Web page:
The nave has a 5-bay arched-brace roof with tie beams, 2 tiers of cusped windbracing, and panelling above the wall plate. The second truss from the W end is a later scissor-based truss with cusping above the intersections. The truss at the W end is C19, of sawn timber with raking struts, and the awkward half bay between nave and tower has panelling above the wall plate of a different character to the remainder of the nave. The simple tower arch is pointed with voussoirs, and is medieval in character, which suggests the existence of an earlier tower. The arch was formerly concealed behind a W gallery, which was still standing in 1870. Crude angle buttresses against the E wall of the tower might also have been associated with an earlier tower or bellcote, although they have also been interpreted as the cut-down remnants of the earlier nave W wall. The half bay at the W end of the nave has a cobbled floor, whereas the remainder of the interior has a stone flagged floor. There is no structural division between nave and chancel but wall posts below the E truss of the nave roof formed part of the former rood screen. The chancel has a ceiled 3-bay arched-brace roof. In the chancel is a segmental recess behind the altar with moulded wooden lintel (similar to Rhulen church, Radnorshire), and a recess to its R has a cusped wooden head.

In the nave N wall is part of a plaster frame of a former painted inscription panel, which survives only partially and in a much-faded form. Further R is a faded Queen Anne Royal Arms. The nave S wall also retains part of a plaster frame. In the chancel E wall is earlier stencilled fleur-de-lis, IHS monograms, a banner with chevrons and a fragment of a plant, probably a lily.

The octagonal font is probably medieval but was re-tooled in the C19. It stands on a squat round stem and base. Other internal furnishings constitute a complete and remarkably preserved Georgian parish church interior. It demonstrates the emphasis on the pulpit rather than the altar and is one of the small minority of such interiors to have survived the Anglican revival of the C19 and its renewed emphasis on the liturgy. The focal point is the panelled polygonal pulpit in the S wall, which is inscribed 'IG' in its door. On its W side is a later reading desk, which has a door inscribed 'EE 1706', and a panelled front with round-headed patterned arches in low relief. Nave and chancel retain a complete set of box pews of different dates, which include family pews with the names of their occupants (including James Watt, the inventor, who retired to Radnorshire in 1805) and unmarked pews at the W end. All pews, including those in the chancel and on the E side of the pulpit, face the pulpit rather than the altar. Box pews are panelled, some with raised fields, and some dated. On the N side these include pews with the inscriptions 'T Williams Penrhew 1808', 'LCI 1708', and 'LP 1710'. On the S side, beginning at the E end, 'ELL [1702?]', a pew with 'In the Year of Our Lord God 1666' in raised letters over lozenge panels, and 'EP 1714 IW'. In the chancel are box pews on the N and S sides of the sanctuary. The pew on the S side has 'IG 1687' in raised letters, and may be contemporary with the pulpit, which bears the same monogram. Between the chancel pews is a partly renewed communion rail of turned balusters and reed-moulded rail, possibly late C17.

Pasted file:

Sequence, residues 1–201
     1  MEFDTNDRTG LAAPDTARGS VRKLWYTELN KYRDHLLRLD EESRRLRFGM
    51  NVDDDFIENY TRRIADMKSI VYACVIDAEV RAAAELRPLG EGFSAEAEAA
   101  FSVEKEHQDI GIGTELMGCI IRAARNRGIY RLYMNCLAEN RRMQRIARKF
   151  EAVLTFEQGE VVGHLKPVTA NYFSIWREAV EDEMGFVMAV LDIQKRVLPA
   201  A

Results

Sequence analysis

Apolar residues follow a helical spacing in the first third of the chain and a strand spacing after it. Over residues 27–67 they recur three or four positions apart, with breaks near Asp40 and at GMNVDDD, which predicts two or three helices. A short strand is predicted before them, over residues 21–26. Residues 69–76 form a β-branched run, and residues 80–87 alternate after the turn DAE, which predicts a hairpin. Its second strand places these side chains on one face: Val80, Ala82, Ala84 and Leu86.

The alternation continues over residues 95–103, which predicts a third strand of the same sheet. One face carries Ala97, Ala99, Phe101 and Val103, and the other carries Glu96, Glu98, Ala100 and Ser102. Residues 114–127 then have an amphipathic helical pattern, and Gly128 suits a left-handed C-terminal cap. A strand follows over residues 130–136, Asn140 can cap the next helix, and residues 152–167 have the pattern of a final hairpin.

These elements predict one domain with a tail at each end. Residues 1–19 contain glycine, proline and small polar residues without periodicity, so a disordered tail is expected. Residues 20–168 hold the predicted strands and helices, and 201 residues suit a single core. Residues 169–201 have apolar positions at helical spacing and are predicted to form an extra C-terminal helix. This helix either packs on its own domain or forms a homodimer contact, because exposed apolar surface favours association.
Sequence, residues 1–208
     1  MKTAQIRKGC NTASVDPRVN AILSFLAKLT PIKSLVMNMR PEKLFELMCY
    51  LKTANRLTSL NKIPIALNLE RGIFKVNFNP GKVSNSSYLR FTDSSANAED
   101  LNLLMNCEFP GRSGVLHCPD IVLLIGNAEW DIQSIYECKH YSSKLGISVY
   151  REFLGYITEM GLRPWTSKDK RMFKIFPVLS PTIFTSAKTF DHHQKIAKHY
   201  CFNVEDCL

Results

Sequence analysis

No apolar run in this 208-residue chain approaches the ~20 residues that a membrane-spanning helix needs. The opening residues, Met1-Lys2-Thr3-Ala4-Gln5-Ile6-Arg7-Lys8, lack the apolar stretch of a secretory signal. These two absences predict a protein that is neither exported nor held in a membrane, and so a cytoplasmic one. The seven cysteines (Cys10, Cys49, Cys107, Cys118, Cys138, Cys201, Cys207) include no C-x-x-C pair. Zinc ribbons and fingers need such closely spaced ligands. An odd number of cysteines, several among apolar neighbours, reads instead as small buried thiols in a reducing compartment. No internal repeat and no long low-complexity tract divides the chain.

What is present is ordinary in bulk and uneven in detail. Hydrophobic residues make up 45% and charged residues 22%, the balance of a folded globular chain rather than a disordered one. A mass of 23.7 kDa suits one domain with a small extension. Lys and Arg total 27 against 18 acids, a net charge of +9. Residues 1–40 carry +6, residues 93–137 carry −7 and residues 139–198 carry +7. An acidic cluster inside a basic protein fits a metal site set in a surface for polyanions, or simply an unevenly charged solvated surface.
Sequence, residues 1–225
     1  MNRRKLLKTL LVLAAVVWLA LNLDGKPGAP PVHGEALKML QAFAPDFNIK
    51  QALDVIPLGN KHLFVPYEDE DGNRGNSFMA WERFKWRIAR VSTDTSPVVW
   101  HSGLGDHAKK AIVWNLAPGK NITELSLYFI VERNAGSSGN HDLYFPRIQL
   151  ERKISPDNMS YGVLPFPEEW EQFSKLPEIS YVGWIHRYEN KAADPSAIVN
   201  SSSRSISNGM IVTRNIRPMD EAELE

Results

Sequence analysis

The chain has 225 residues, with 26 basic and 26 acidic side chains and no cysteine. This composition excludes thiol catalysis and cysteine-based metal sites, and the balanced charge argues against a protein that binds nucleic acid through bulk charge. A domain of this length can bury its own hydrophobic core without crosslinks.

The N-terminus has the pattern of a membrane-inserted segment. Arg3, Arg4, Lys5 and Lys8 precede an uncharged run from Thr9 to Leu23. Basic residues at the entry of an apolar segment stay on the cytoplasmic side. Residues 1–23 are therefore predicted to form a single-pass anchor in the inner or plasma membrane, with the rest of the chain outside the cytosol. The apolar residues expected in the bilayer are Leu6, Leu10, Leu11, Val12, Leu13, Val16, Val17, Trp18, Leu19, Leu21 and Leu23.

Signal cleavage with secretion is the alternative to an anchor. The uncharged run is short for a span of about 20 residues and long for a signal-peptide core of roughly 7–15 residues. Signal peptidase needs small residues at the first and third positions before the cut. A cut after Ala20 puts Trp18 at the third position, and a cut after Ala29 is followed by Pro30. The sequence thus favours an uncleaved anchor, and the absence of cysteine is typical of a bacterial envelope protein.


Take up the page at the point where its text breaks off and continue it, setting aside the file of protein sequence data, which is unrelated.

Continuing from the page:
In the chancel N wall is a tablet to Ezekiel Williams (d 1752), comprising an oval inscription panel against a rectangular background with low-relief foliage in the angles. In the chancel E wall is a memorial to Elizabeth Davies (d 1822) and John Davies (d 1796) by T Price of Builth. It has double inscription panels, apron and segmental pediment with roundel. In the chancel S wall is a freestone classical memorial to Margaret Lloyd (d 1826), also by T Price of Builth. An inscription panel is flanked by pilasters, above an apron with heraldic shield, and surmounted by a marble pediment with urn in high relief.

Reasons for Listing

Listed grade I for its exceptional architectural interest as a parish church retaining very rare pre C19 character, including a complete C17 and C18 interior plan and detail.

External Links